The Health Survey for England monitors trends in the nation’s health, and the latest figures show obesity is still rising.
The prevalence of obesity has generally fluctuated between 23% and 27% between 2003 and 2016, but last year it was 29%.
The survey showed that most adults surveyed (64% of 8,000) were overweight or obese in 2017. Approximately a third of children (30% of 2,000 surveyed) aged two to 15 in England were also overweight or obese.
In August 2016, the government launched its plan to tackle childhood obesity. There was an update earlier this year, with more detail and the promise of a clampdown on promotions for unhealthy foods, a ban on sweets and treats at checkouts, improved public procurement standards and a possible ban on selling energy drinks to children. A target to halve childhood obesity by 2030 was even reinserted.
Following the “alarming” survey results, campaigners and health experts have called on the government to restrict junk food advertising, implement a standardised system of nutritional labels and curb the rise in fast food outlets. “Rather than seeing improvement, there is in fact, an overall increase in levels of obesity,” said BMA board of science chair, Professor Dame Parveen Kumar.
Caroline Cerny, Obesity Health Alliance lead, said children today are growing up in increasingly obesogenic environments. “[They are] bombarded by promotions for unhealthy food and drinks in stores and on the high street, and exposed to countless junk food adverts online and during the TV programmes they watch most. Without urgent action, we will continue to see the cycle of obesity perpetuate from each generation to the next.”
For the first time, the survey researchers also analysed the association between parent and child weight, looking at those who are overweight and obese. Some 28% of children of an obese mother were also obese, compared with 8% of children whose mother was not overweight or obese. Meanwhile, 24% of children of an obese father were also obese, compared with 9% of children where the father was not overweight or obese. Around half of parents (47% of mothers and 52% of fathers) think that their obese child is “about the right weight”.
There was better news in relation to consumption of healthy foods. Last year, 29% of adults ate five or more portions of fruit and vegetables a day, which is low but still higher than the 24% to 26% since 2008. The mean portions eaten per day also increased to 3.8 – between 2009 and 2016 it ranged between 3.5 and 3.6.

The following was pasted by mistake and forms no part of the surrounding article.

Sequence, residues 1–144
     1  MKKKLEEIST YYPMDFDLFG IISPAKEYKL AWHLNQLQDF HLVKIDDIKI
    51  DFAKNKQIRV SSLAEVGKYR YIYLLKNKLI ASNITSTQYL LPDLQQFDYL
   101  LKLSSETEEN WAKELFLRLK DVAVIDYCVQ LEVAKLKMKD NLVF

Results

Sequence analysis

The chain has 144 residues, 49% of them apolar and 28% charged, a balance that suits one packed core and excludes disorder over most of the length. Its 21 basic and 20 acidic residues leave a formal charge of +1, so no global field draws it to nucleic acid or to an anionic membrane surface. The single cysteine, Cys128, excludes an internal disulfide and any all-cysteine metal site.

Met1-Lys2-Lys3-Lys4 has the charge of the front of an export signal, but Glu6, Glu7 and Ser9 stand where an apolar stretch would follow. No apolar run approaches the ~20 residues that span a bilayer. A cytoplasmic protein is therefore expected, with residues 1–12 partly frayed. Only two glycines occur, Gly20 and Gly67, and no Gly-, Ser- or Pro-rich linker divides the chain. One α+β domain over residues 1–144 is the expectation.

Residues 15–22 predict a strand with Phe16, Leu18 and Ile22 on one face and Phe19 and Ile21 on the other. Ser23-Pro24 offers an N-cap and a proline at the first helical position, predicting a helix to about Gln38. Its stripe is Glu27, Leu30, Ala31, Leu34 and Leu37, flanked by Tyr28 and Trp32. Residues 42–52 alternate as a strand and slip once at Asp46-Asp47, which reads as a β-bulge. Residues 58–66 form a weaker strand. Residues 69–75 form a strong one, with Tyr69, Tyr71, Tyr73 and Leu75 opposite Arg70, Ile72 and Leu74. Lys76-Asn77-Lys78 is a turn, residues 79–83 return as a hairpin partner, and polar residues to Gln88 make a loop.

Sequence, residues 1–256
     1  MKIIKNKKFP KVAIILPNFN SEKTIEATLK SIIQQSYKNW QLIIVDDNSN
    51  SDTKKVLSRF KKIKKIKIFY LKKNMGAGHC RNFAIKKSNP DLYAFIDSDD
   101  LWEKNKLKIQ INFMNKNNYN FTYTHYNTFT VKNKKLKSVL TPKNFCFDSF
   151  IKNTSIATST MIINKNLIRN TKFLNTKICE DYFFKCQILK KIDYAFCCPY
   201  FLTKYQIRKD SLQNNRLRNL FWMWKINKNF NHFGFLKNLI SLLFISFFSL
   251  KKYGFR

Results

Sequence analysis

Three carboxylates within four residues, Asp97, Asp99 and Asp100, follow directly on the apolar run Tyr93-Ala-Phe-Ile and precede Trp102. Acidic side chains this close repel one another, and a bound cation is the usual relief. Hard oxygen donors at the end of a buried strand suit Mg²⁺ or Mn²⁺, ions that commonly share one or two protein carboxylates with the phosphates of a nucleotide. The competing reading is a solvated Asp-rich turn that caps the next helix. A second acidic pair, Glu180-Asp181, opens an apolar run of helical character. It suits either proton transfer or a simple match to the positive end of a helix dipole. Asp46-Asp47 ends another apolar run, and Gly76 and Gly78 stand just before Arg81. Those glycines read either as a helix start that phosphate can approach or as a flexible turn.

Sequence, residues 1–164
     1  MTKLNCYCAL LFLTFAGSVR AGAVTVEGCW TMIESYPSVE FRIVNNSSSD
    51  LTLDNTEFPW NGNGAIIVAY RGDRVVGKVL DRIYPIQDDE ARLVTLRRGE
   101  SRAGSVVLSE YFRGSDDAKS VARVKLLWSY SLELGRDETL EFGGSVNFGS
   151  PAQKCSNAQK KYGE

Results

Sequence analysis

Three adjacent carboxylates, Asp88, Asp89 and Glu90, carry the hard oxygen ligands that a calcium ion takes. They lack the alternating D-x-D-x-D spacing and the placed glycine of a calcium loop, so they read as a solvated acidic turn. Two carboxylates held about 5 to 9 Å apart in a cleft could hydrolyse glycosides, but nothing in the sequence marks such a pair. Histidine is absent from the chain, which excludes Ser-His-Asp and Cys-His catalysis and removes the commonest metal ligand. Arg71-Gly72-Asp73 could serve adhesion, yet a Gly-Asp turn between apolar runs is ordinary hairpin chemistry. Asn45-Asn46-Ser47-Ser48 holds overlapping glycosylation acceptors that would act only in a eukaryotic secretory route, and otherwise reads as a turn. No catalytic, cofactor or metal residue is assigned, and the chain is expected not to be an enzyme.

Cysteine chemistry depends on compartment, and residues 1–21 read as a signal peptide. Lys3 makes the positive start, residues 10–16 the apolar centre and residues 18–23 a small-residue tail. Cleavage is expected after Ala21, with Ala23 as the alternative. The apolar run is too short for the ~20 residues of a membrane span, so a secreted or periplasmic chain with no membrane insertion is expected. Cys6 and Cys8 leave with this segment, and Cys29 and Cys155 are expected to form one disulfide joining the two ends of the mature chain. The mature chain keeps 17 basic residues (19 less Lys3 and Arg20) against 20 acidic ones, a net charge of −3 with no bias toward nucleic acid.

Young people, aged 16 to 24, consumed the lowest number of portions per day (3.3) and were the least likely group to manage five-a-day. However, only 18% of children aged five to 15 ate the recommended portions, with the mean remaining stable at 3.2 per day. Higher fruit and veg consumption levels were also associated with higher income.
There is hope that next year’s results could be even better, thanks to a scheme to increase the amount of veg in foodservice and supermarket products. In its first year, Peas Please reported that an extra 4.8m portions of veg have been served in the eight months until July 2018. And it’s the foodservice sector that has been setting the early pace led by the likes of BaxterStorey and PwC, which has already hit its initial target of increasing the overall percentage of veg purchased across the PwC UK estate to 20% by the end of 2018. Such has been the speed of progress that the target has been raised to 25% by 2020. BaxterStorey, meanwhile, has launched its own company-wide pledge of raising fruit and veg purchases from 12% to 15% by 2019.
Still, more could be done. Research published by the Soil Association last month showed that the government’s £40m school fruit and veg scheme was broken, with teachers highly critical of the quality of produce provided. “Pears are under-ripe and hard, carrots have been sweating in bags for days. Generally, the produce is not as fresh as we would hope, and this means the children don’t eat it,” one teacher said.
In response to a Freedom of Information Request, the Department for Health and Social Care conceded that only 13% of apples and 5% of pears are sourced from the UK. “Government data also showed that the produce supplied through the scheme contains higher pesticide residues than equivalent produce found on supermarket shelves, including pesticides associated with a negative effect upon children’s cognitive development,” the Soil Association noted. It also found that “healthier items such as fresh fruit and salmon are being removed from menus in favour of more affordable but less healthy items such as puddings and biscuits”.